Tesser Ryan Blog

What You Need to Know About Operating Agreements for Pass-Through Entities

The Trump Administration’s proposed tax bill, which features a 25% tax on pass-through income, has called public attention to pass-through entities. Limited liability companies are pass-through entities par excellence. They maintain the benefits of pass-through income while affording managerial and operational flexibility.

This flexibility is particularly valuable. Limited liability companies are accorded substantial freedom to determine their management structure and to alter each member’s (that is, owner’s) right to participate in management and to receive profit distributions.

The business and affairs of the LLC and the rights and responsibilities of the members are set forth in the LLC’s operating agreement. An operating agreement (OA) is analogous to a shareholder agreement for a corporation or a partnership agreement for a partnership.

This post will briefly discuss some important provisions in an operating agreement.

  1. Capital Contributions

    A capital contribution is money (or anything of value) transferred to the LLC by a member in exchange for a membership (that is, ownership) interest in the LLC. The OA should clearly set forth the capital contributions, if any, made by each member. In addition, the OA must address whether the members will be required to make capital contributions in the future, how the amount of additional contributions will be determined and the consequences for a member’s failure to make an additional capital contribution.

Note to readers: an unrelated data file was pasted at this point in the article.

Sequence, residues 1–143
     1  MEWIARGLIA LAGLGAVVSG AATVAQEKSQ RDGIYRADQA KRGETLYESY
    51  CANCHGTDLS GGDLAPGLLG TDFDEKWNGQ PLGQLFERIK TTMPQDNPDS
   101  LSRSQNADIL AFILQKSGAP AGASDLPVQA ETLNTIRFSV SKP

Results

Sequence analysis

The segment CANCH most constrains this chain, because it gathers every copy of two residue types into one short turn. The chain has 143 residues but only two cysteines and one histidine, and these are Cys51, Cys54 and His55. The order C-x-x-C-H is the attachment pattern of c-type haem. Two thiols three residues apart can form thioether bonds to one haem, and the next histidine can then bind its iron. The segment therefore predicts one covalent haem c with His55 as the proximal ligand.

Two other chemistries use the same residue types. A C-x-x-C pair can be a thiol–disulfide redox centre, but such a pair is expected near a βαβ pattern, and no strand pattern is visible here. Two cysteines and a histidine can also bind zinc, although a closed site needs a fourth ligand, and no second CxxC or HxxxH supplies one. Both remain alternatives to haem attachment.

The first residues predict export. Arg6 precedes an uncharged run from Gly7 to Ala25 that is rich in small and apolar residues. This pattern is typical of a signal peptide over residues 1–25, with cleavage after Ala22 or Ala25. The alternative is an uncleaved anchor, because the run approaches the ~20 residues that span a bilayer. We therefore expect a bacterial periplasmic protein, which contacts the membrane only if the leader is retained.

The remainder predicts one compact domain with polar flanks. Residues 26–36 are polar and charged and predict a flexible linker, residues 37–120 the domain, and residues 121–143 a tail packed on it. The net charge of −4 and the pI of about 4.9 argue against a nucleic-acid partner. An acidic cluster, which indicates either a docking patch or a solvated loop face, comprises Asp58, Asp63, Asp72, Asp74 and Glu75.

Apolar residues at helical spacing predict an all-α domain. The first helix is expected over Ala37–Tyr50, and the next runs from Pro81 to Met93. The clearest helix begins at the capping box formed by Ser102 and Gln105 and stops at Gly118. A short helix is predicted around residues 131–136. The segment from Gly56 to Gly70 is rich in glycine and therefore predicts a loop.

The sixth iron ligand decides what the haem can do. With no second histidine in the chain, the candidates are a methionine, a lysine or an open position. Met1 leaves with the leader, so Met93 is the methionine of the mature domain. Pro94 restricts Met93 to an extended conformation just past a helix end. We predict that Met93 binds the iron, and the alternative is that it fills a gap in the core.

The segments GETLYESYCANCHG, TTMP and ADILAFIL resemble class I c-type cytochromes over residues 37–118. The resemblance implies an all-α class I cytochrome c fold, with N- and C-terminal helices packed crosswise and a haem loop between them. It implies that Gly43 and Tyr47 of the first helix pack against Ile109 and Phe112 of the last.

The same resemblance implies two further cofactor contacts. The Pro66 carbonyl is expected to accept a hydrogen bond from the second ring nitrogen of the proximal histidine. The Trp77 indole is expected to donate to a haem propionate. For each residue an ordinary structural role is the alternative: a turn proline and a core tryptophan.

2. Allocations of Profits and Losses

    Unlike a corporation, whose profits are generally allocated in accordance with share ownership, LLCs are free to allocate profits in any manner set forth in the OA. The OA should spell out how profits are to be allocated among the members, the procedure for determining whether profits are to be distributed or retained and the amount of the distribution, and should carefully define “profit,” “loss” as well as other relevant financial terms (e.g. “net cash flow”).

  3. Management

    An LLC may be managed by its members or by third-party managers. Most often, LLCs are managed by a select group of members. A properly drafted OA will set forth,inter alia, the number of managers, the identity of the mangers, the procedure for electing, removing or replacing managers, as well as the powers and duties of the managers. Control over the day-to-day business and affairs of the LLC is usually committed to the mangers; other matters and transactions falling outside the ordinary course of business—such as whether to sell the LLC or to approve a new member—may require the consent of the non-manager members.

  4. Transfer of a Membership Interest

    An OA should address known contingencies. One of the most important is a member’s future desire to sell his membership interest in the LLC to another member or a third party. The OA should set forth the procedure for transferring a membership interest, including which members’ consent shall be required, whether the remaining members will be granted a right of first refusal, the purchase price of the membership interest and the effect of a member’s attempted transfer in contravention of the OA. The OA should include actions or events resulting in an involuntary transfer of a membership interest, such as the bankruptcy, death or wrongful or illegal act of a member.

If you are own or are considering forming an LLC and would like the advice of experienced business counsel, please call Tesser, Ryan & Rochman, LLP at (212) 754-9000.

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